Sunday, May 2, 2010

Teachers' Day

May 2nd is Teachers’ Day, and here in Bhutan it is a big deal. Something like Christmas for teachers in Canada. This year it fell on Sunday, which meant we had to be at school at 8:00 this morning, just like any other morning. It was raining this morning, so the whole school met in the MPH (Multi-Purpose Hall). As we made our way there, students were handing out gifts to their teachers. I received 14 pens, a mug, a china bowl with a dragon on it, two mini laughing Buddhas, a rose with a chocolate, and a few lovely notes and cards, with messages like this:

“Dear M’am,
Thank you for coming to our school. We stds (let’s assume she means students, not STD’s), are lucky to have foreign teacher like you who are so nice. You are my extra light coming in my life, glowing it. It will be hard to forget you and I don’t want to forget also.”
~Tshering Lhamo

“Respected Madam Ann,
I wish madam happy teachers’ day and thank you to come to our school to give us your vast knowledge and I wish your year in our school is the best memory in your life.”
~Lots of love from Kuenga Lhamu

“Dear Madam Ann,
Wish you a very, very happy Teachers’ Day. Since you came from Canada and you are been for 2 to 3 months, but so close to our heart. I like you teaching politely and I love you too.”

~Your student, Pema Yangchen

“To my favourite teacher who is Madam Ann. Here I wish you a Happy Teachers’ Day. Enjoy the day ahead la. (La is added as an honorific) You are loved a lot.
~Yours faithfully, Sonam Lhamo

“I would be very greatful if madam would take me to your country.”

~Dawa Pelzom

In the MPH, the grade 8 students were in charge of the program. A few students did eloquent speeches about the importance of having good teachers. The teachers were invited on stage and presented with a khadar, which is a white silk scarf given as a sign of respect. Then there were a few dances and songs by groups of students and individuals. While we enjoyed the entertainment, students served us tea and cake and pop and sweets. The teachers had provided samosas and juice for the kids.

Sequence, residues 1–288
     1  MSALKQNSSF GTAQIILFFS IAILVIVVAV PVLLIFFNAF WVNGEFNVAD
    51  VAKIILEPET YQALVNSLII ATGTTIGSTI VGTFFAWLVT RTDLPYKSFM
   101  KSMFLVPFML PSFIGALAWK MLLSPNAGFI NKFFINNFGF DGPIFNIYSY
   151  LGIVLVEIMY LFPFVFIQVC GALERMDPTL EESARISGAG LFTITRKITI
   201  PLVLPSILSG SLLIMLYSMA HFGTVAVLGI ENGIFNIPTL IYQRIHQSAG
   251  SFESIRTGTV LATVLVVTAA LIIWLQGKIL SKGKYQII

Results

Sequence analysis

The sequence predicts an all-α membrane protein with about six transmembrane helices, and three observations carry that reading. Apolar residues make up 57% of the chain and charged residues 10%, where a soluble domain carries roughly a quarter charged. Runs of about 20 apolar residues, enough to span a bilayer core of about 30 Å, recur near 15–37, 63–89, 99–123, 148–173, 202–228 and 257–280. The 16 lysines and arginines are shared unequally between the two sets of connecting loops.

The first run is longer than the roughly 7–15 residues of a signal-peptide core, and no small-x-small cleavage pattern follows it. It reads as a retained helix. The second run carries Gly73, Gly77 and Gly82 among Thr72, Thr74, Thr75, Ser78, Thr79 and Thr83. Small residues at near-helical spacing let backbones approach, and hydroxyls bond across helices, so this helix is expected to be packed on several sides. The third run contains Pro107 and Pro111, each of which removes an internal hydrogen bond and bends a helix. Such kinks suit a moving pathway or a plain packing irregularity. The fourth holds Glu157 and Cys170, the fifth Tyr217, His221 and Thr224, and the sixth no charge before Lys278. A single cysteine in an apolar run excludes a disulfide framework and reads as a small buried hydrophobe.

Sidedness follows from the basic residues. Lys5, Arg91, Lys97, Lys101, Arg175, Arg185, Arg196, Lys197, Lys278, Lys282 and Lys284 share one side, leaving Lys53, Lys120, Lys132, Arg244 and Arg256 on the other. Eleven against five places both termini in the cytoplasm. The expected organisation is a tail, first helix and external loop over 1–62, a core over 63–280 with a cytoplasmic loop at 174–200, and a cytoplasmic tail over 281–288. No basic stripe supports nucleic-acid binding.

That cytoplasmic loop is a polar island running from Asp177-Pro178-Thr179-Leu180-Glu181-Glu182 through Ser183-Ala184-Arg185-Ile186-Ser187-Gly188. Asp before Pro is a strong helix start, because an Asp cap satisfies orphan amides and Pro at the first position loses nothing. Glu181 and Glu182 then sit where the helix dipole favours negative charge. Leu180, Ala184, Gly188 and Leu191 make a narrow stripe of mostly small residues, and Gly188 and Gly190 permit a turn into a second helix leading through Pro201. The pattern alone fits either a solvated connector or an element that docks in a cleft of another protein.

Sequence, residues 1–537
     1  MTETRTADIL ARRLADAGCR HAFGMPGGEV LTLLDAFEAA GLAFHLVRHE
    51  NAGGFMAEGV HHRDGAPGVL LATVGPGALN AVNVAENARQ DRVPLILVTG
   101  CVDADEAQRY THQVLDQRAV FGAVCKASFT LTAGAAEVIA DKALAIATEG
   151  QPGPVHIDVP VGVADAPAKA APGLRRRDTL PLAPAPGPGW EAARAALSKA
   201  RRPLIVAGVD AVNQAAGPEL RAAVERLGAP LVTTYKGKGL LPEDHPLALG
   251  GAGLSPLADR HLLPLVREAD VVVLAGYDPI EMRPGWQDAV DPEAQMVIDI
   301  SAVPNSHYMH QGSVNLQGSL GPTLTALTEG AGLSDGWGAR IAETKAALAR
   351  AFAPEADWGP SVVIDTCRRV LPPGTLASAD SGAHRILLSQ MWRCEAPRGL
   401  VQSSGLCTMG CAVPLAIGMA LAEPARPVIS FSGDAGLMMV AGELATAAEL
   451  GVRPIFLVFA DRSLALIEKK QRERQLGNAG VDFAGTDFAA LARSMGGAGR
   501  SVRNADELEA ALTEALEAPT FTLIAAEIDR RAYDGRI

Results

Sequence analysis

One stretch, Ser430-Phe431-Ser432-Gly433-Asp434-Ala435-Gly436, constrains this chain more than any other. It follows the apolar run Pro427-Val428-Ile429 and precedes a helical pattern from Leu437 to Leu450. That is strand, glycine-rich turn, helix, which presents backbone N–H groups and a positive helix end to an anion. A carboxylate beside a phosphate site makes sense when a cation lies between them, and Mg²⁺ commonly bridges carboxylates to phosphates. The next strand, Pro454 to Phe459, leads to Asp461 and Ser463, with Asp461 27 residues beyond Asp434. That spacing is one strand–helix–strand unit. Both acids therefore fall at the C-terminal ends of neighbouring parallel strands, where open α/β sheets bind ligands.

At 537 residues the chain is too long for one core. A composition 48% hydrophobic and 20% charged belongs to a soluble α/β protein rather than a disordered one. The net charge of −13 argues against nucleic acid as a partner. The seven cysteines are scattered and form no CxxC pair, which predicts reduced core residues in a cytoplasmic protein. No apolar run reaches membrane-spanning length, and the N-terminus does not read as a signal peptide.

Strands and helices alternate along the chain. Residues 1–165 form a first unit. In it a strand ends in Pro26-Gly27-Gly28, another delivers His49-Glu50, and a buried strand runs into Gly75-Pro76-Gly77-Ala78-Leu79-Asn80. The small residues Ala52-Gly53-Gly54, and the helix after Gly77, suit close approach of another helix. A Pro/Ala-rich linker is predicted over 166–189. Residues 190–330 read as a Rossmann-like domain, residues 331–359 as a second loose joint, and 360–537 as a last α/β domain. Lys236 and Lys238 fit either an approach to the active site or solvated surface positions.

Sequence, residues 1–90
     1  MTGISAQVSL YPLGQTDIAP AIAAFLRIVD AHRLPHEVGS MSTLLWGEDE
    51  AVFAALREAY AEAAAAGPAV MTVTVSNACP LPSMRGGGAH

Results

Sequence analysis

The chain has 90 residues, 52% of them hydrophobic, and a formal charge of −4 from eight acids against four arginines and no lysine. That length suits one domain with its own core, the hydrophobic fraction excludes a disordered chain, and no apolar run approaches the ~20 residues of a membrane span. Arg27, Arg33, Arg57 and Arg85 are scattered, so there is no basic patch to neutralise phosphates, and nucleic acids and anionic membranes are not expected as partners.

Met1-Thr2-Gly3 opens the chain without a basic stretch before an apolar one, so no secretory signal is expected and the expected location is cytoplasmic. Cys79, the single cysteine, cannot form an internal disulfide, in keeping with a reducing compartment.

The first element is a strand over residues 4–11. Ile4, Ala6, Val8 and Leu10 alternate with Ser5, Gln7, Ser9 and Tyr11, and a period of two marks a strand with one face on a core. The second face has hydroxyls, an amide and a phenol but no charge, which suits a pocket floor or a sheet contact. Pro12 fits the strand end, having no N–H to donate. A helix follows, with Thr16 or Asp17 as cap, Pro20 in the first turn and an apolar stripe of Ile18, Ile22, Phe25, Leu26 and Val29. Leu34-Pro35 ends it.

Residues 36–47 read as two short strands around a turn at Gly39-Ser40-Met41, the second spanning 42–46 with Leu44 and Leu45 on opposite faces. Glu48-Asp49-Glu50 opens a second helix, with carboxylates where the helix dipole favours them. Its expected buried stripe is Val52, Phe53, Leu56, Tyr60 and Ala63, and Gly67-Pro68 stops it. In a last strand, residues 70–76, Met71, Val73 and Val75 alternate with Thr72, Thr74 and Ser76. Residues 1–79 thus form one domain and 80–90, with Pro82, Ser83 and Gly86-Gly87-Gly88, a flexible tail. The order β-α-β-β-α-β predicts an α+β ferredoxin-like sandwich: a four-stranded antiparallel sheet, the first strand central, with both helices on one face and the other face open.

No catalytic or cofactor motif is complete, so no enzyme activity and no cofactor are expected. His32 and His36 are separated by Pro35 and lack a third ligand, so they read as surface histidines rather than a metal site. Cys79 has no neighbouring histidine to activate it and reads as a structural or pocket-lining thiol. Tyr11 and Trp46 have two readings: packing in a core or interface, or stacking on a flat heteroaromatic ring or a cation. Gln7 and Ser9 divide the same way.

Next it was the teachers’ turn to entertain. I joined with some of the other women teachers to do a traditional Bhutanese dance. Everyone was very pleased that joined in.

Afterwards, the men did a dance. Towards the end of the entertainment, I was asked if I would go on stage and sing a solo. At first I said no, because I had no idea what I would sing, but they were insisting, so up I got. I took two cute cute little PP (preprimary) girls up with me to share the limelight. I asked the audience to all stand. They’d been sitting for a couple of hours, so all 880 of them happily stood up, and I led them through the Hokey Pokey. It was a big hit.

Then the staff had an exhibition badminton tournament. After my turn (played in my kira, tego and onju, and sandals with heels), my Class 6 students asked me to go up to the classroom, along with their other subject teachers for a surprise. The kids had decorated the classroom beautifully. While the girls served more tea and cake and pop and sweets, some of the boys got up individually to sing traditional Bhutanese songs. One of the boys dedicated this song to me. Here is the beginning:

Sleeping Child
Sung by Tenzin Namgay
The Milky Way, up in the heavens,
It’s twinkling just for you,
And Mister Moon he came by
To say goodnight to you.
I’ll sing for you, I’ll sing for mother,
And praying for the world
And for the people everywhere,
Gonna show them all we care.

There were a few more thank-you speeches, and then goodbyes. It was all very sweet. I just wish it hadn’t been on our only day off!

1 comment:

  1. That is so sweet! If I go there, will I be a "madam" too?